Will the idea that Rahul Gandhi matured as a politician in 2017 last long into 2018? After all, he has scored a point or two every now and then in the last few years, raising hopes that he’s coming into his own, only to fall back into a cycle of gaffes, election losses and foreign holidays. Is this second coming for real? To answer this question, we must first examine what has changed about him.
Earlier, it wasn't clear what Rahul was offering to voters. After attending a Rahul rally in Uttar Pradesh in February and one in Gujarat in December 2017, the difference was clear. In Uttar Pradesh, he was running from one point to another, getting lost in his own stories. Such incoherence would leave you wondering at the end: What did he say?
The new Rahul is suddenly coherent. In Gujarat, there was no doubt what Rahul had to say: He was attacking the Narendra Modi government on issues of development and economy, while visiting temples in the mornings.
Rahul used to be seen as someone who just flew from one place to another, visiting a Dalit house here and a meditation retreat there. He would just disappear from public discourse for days. In his ideas and speeches too, he seemed inconsistent.
He began correcting himself in Uttar Pradesh, where he travelled across the state for a month in mid-2016 saying just one thing: Farmers should get farm loan waivers. But then he disappeared for months, re-appearing as the big brother of Akhilesh Yadav in an ill-thought-out pre-poll alliance.
In Gujarat, however, Rahul led from the front and was seen as someone who was serious about Gujarat, not flying in and out of rallies. It helps that unlike the past few New Year’s Eves, Rahul did not fly off to Europe this time, spending a quiet time with his mother in Goa.
Others have given up
If the three best players in a cricket team start faltering, take a break or retire, the fourth best player automatically starts appearing better.
Over the last few months, Modi’s popularity has suffered thanks to a decline in the economy and the hasty implementation of GST. Arvind Kejriwal has laid down his arms, virtually declaring the AAP out of the 2019 race. There was only one more remote contender for national politics — Nitish Kumar, but he gave in to the BJP. As everybody else’s narrative was down, Rahul’s modest improvements started making him look better.
BJP is taking him (too?) seriously
For the last few months, the BJP has been taking him very seriously, all of a sudden. This is a calculated risk by the BJP. As the Modi narrative is a bit down because of the economy, the BJP has tried to focus on Rahul and the Congress to highlight the contrast between the two parties. While the BJP may at worst be accused of failing in its attempts such as demonetisation, economic growth, improving farmers’ incomes, it is deflecting attention to Rahul and the Congress and asking voters: Is Congress really an option for you?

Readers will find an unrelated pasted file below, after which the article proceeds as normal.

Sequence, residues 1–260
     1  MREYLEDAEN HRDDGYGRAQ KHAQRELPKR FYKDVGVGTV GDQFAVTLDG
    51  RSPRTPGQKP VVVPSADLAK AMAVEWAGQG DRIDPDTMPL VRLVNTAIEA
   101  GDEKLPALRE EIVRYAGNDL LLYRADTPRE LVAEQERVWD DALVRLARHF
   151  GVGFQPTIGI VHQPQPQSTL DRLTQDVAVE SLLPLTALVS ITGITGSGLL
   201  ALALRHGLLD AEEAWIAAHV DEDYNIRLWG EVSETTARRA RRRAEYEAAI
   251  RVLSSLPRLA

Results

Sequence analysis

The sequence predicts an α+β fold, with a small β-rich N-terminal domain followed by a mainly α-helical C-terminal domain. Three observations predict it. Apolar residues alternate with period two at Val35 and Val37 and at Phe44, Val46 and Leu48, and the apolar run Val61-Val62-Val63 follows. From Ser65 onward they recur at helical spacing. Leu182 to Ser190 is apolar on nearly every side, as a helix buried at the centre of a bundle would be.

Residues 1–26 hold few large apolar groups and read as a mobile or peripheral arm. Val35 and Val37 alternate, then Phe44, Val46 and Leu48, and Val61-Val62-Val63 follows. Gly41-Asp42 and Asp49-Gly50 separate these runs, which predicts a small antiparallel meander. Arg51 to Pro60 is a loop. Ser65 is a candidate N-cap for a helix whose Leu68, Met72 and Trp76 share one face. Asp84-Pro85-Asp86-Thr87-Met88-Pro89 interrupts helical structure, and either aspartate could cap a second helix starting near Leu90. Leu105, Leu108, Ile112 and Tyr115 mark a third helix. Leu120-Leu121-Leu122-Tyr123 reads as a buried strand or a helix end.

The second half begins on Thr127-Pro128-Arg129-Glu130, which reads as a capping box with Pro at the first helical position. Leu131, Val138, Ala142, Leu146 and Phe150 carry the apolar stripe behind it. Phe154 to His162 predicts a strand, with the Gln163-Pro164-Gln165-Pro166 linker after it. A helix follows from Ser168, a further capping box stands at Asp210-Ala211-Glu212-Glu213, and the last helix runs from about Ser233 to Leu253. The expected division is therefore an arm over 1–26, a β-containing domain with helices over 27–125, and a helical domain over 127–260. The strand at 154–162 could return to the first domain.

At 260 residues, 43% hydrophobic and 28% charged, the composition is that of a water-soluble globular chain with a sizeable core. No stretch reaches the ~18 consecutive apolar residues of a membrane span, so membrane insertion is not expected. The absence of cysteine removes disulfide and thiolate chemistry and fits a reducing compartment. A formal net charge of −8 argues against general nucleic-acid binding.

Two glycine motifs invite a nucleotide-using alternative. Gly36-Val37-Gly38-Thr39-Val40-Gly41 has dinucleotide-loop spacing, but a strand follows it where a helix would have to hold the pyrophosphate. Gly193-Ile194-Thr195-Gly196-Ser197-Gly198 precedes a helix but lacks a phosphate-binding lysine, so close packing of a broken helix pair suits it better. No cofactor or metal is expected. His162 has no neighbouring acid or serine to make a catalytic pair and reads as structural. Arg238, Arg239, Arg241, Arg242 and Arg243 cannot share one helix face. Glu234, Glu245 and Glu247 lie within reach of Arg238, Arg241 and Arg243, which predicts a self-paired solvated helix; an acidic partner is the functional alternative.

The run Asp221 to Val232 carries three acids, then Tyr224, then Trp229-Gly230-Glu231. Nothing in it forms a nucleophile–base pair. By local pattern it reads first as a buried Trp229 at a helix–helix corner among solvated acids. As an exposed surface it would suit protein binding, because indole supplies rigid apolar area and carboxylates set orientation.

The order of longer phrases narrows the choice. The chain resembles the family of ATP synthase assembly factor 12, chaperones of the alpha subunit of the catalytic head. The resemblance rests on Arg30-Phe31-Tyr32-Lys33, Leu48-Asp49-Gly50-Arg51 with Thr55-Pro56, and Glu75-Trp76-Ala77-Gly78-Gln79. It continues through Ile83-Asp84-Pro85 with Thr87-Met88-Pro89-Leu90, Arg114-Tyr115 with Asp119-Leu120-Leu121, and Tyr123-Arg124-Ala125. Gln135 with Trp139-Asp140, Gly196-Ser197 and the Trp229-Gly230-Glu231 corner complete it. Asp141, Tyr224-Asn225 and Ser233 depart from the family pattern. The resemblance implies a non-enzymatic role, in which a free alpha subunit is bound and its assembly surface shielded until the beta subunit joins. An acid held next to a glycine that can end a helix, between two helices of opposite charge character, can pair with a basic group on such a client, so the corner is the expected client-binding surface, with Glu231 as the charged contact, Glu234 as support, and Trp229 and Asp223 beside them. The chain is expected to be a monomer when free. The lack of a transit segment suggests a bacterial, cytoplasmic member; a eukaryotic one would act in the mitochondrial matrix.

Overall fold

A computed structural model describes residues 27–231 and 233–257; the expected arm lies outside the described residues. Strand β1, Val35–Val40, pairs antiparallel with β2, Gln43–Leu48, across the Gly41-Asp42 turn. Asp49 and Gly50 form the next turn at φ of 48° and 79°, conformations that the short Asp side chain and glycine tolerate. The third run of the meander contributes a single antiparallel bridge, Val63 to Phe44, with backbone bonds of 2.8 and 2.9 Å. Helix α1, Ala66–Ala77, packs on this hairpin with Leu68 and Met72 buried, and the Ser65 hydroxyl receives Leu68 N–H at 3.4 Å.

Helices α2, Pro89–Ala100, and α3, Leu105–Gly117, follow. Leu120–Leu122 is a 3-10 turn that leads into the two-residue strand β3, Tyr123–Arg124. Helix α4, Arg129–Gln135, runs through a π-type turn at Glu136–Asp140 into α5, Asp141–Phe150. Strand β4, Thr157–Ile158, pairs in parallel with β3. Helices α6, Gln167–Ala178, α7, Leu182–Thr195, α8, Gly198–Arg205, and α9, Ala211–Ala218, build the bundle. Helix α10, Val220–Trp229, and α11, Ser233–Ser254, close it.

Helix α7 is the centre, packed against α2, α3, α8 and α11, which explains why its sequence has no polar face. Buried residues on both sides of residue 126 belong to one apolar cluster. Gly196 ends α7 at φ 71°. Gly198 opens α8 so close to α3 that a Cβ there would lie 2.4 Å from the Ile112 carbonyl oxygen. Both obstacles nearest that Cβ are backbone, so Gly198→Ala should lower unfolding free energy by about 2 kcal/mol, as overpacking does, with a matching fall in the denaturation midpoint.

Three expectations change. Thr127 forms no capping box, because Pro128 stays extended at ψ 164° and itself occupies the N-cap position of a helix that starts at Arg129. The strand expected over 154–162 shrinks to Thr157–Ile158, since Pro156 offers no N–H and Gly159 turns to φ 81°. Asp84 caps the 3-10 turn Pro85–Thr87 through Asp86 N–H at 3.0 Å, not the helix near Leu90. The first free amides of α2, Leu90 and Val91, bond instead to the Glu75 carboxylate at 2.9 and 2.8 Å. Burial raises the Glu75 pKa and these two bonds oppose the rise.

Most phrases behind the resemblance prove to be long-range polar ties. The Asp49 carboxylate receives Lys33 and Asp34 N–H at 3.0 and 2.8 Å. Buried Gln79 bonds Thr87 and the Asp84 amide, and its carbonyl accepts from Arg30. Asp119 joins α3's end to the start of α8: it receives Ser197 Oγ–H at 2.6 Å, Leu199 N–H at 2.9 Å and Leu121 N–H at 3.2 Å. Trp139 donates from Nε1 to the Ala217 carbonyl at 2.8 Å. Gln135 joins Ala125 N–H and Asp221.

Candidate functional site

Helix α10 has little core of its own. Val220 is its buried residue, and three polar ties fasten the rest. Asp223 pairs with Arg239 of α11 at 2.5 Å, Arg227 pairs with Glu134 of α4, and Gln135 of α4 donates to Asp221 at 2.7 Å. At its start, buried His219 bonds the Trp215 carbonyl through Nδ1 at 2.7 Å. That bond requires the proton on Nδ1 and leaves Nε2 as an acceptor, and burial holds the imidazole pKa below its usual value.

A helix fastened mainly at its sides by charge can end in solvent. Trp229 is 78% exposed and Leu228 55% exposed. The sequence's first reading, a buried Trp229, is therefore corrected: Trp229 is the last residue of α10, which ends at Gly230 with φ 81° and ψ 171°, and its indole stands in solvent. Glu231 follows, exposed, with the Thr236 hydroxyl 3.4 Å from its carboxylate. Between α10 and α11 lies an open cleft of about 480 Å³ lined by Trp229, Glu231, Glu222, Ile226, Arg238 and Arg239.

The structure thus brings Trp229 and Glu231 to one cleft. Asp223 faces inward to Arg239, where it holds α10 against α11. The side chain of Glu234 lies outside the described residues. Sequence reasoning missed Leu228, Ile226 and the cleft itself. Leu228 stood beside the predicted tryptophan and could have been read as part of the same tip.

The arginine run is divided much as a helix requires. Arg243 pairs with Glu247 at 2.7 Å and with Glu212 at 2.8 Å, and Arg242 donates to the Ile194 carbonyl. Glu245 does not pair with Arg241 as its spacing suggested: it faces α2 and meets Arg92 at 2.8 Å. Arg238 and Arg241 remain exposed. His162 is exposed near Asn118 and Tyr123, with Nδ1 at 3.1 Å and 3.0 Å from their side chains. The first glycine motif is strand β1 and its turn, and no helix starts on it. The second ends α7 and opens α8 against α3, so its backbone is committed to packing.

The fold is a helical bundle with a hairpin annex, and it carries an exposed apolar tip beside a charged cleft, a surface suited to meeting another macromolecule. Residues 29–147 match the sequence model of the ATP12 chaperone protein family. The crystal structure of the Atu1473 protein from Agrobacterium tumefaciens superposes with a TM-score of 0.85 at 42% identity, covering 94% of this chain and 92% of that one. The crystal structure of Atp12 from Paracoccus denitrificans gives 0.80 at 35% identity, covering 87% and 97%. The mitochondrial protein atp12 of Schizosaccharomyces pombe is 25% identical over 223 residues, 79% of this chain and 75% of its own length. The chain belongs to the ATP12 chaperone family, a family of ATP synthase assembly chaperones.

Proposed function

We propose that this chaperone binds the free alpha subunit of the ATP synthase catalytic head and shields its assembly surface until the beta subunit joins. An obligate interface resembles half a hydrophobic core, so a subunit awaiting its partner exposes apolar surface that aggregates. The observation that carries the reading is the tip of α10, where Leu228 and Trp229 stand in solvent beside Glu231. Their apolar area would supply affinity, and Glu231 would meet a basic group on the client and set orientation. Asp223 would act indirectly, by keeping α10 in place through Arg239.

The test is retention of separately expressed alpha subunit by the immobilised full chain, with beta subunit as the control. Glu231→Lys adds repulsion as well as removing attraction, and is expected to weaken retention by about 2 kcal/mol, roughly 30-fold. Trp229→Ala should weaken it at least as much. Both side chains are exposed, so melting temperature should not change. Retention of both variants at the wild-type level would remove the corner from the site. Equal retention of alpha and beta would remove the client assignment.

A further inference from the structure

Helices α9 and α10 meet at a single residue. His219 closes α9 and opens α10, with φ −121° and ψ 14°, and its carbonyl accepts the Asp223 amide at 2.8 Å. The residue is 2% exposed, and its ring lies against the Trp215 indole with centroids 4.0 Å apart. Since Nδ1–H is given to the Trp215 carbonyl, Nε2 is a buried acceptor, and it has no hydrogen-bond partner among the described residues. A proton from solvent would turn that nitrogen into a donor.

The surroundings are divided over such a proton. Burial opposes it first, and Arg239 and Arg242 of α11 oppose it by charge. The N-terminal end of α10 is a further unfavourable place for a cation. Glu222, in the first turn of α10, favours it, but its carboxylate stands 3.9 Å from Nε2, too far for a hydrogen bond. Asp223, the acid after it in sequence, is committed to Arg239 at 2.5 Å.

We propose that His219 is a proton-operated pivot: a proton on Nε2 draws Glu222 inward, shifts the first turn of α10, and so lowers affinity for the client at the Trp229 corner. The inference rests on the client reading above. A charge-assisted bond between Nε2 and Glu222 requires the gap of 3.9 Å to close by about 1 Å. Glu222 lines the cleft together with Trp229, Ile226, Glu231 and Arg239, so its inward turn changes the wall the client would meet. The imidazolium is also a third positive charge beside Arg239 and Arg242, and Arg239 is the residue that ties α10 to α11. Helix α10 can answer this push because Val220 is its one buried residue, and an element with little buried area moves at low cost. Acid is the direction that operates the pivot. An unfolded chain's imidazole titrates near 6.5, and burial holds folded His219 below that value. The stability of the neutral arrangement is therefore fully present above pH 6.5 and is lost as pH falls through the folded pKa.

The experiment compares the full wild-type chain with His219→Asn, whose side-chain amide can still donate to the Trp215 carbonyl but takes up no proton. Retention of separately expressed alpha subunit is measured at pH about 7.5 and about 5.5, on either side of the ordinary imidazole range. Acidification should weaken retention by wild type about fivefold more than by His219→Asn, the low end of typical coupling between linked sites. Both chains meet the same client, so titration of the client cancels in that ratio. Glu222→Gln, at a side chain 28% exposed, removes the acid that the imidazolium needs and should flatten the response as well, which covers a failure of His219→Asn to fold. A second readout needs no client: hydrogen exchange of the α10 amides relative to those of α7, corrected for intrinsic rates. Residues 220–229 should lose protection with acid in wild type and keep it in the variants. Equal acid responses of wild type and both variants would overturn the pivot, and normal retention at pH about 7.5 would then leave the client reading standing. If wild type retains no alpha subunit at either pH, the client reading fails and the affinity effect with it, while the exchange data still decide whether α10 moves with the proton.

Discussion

This strategy could well be backfiring. If the BJP has gone from ridiculing Rahul to taking him seriously, one cannot help but think that he matters.
Earlier, we didn’t know what Rahul and his party stood for. However, in 2017, Rahul appeared to have defined what Congress is offering to voters and how it is different from the BJP. The central focus is clearly Left of Centre, welfarist economic, arguing for farm loan waivers and greater state spending for rural welfare. In Gujarat, he went to the extent of naming corporates (Adani, Tatas) he accused Modi of favouring.
At the same time, he has a clear strategy to tackle Hindutva. Whether or not it is the right strategy, there is at least a strategy. The strategy is to avoid falling into the Hindutva trap by not appearing to ‘appease’ Muslims, and using "Hindu symbolism" to show the Congress is not anti-Hindu. His commitment to secularism is now aired in terms of pluralism.
Even until mid-2017, Rahul was making gaffes or saying things that sounded immature, such as saying “aloo ki factory” (potato factory) in Uttar Pradesh when he meant “aloo chips ki factory”. Such gaffes would be exploited by the BJP.
Rahul still uses too many English words in speeches before rural voters. As we saw during his US trip, he is more comfortable speaking in English. But at least the gaffes have stopped.
Use of humour
Instead of being the butt of jokes, Rahul is effectively using humour to make his point. People wondered who was writing his tweets and one-liners, because it couldn't be him. That’s a non-issue as all major politicians, including Modi, have teams of researchers, writers, spin doctors and social media managers. But Rahul made fun of even this question by showing us his pet dog, thus humanising himself.
He’s paying back Modi in the same coin by using smart phrases for popular acronyms, such as Gabbar Singh Tax for GST. The use of humour is making Rahul come across as a smarter politician because humour is a highly effective form of communication. The massive popularity of stand-up comics, even middling ones, is proof.
More freedom within the party
Rahul looks more mature as a politician because he's been showing more confidence, which may be a function of the greater freedom he has within his party these days. Even before he took over as president, being able to swiftly suspend Mani Shankar Aiyar during the Gujarat elections showed he’s being given a freer hand by his mother.
Even in Gujarat, he had a greater say in the election strategy, with the importance of old guard leaders like Ahmed Patel declining. With greater freedom, Rahul feels more in control, and that’s showing in his personality. No longer is he sounding like a reluctant politician. The man who famously said “power is poison” is now talking about winning elections. At long last!
Updated Date: Jan 02, 2018 09:23 AM